Days after Conoy Township supervisors agreed to oppose the closing to the magisterial district court in Elizabethtown, Mount Joy Township supervisors also agreed to oppose the closing and decided to reach out to other municipalities served by the court to form a coalition to keep the court open.
“We haven’t received any official communication” about the possibility of closing the court, Mount Joy Township Manager Justin Evans told supervisors at their meeting on Monday, April 16; he was reacting to news reports. Lancaster County President Judge Dennis Reinaker had told LNP in December 2016 that he might eliminate the Elizabethtown court and three others in an attempt to save money; he reiterated that he might eliminate the Elizabethtown court as he confirmed that longtime Elizabethtown Magisterial District Judge Jayne F. Duncan was resigning effective April 8. A senior judge has taken over her duties.
Evans told supervisors Elizabethtown Borough Manager Roni Ryan had reached out to him earlier in the day to discuss working to keep the court open. Evans said Ryan had spoken with West Donegal Township Manager John Yoder about keeping the court open. Evans said if the court were to close, police would have to travel longer distances for hearings, adding to the cost to local taxpayers. Also, he said there would be greater costs to the citizens for the increased travel distance. Supervisor Debra Dupler said officers had to travel to court in Lititz when Duncan was not hearing criminal cases because of a dispute with the district attorney’s office, adding significantly to their mileage and travel time.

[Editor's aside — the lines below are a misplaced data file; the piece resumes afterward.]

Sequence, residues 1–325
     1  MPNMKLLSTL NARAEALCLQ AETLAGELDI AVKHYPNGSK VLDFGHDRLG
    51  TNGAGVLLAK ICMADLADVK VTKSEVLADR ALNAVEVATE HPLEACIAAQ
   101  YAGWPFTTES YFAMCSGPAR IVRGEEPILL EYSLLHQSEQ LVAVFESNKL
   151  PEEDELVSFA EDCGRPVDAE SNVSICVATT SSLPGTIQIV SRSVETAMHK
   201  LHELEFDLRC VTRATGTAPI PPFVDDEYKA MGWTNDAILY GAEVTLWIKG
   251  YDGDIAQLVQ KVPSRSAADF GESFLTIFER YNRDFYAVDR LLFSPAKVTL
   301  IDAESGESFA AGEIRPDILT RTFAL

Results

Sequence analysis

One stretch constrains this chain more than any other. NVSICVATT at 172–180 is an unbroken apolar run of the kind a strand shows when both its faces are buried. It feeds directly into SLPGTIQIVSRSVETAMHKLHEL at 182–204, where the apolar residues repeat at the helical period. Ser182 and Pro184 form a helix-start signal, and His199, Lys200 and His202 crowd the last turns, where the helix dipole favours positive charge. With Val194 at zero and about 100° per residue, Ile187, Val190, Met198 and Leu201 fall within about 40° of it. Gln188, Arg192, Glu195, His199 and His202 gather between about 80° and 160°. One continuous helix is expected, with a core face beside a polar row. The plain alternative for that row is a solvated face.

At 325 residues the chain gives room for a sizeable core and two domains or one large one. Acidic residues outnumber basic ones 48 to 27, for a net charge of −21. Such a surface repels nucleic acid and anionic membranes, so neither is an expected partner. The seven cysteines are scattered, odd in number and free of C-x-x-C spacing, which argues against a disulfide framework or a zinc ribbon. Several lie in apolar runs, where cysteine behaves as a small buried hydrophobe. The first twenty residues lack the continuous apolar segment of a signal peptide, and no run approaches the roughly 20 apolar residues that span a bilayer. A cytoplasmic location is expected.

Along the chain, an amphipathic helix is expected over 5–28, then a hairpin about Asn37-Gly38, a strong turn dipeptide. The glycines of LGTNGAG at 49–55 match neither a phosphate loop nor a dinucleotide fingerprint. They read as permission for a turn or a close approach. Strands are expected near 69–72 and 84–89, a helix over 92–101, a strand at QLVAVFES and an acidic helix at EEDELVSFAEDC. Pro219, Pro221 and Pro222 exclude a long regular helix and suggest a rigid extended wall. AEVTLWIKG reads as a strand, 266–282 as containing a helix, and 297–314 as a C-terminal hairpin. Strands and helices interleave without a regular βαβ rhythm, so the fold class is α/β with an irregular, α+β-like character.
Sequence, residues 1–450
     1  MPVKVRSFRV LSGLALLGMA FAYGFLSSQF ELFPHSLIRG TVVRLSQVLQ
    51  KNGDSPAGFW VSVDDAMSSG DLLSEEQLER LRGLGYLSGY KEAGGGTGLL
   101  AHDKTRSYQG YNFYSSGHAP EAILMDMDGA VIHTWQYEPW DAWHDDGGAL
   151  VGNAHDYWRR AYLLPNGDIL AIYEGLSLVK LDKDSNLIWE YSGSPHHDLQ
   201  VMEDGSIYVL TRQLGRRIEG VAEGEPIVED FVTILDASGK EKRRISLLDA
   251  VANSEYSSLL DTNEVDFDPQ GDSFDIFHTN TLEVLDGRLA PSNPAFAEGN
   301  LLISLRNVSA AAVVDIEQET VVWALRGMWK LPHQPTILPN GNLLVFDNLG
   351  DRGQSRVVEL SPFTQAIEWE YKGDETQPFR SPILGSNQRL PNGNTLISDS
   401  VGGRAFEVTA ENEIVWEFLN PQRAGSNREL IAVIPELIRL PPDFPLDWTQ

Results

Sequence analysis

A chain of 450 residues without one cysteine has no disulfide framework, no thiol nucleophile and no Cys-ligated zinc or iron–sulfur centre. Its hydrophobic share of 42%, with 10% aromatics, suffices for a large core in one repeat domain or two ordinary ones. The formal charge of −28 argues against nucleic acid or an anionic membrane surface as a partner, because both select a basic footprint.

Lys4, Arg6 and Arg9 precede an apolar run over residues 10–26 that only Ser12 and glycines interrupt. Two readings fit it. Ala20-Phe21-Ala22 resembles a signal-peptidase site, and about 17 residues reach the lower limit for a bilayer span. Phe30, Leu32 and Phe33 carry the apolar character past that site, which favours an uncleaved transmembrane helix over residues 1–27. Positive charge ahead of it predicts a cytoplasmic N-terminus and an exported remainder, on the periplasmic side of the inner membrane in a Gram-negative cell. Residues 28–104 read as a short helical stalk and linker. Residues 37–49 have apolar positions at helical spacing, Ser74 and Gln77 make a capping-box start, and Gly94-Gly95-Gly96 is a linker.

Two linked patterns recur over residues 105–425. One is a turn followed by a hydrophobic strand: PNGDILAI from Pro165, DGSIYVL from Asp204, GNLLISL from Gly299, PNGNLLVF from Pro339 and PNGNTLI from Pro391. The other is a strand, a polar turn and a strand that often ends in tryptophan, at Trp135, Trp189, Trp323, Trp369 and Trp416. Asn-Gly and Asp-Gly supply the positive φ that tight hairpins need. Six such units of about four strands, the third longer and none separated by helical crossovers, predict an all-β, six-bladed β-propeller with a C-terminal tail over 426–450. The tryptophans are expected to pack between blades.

“You can’t get to Lititz from here – not straight,” Dupler said.
Traveling from the Northwest Regional Police Department headquarters to the court in Lititz is more than a 15-mile drive; driving to the Elizabethtown court is a 3.5-mile drive. If cases were to go to the court in Mount Joy, that would be a 5.9-mile drive.
Mount Joy Township supervisors’ decision to oppose the closing of the Elizabethtown court came after Conoy Township supervisors voted on Thursday, April 12, to send a letter expressing opposition to closing the court.
In other business at their meeting on Monday, April 16, Mount Joy Township supervisors voted unanimously to direct township staff to erect a sign along Homestead Road alerting drivers that children play there at the request of Darrel Martin, who lives along the road and said traffic moves fast there and it is hard to see eastbound traffic near his home because it is blocked by a knoll.
Supervisors also heard from Robert Sichelstiel, chief financial officer of Pennmark Management Company, about land the company owns at the intersection of Route 230 and Cloverleaf Road.
“We know that there’s a traffic issue and we want to help,” Sichelstiel said.
Supervisors asked Sichelstiel to bring the township a plan for developing the area that they can consider, saying that they have repeatedly asked for such a plan.
“We’ve been treading water so long I’m going to need water wings,” Supervisor Gerald Cole said about the delays in seeing a plan.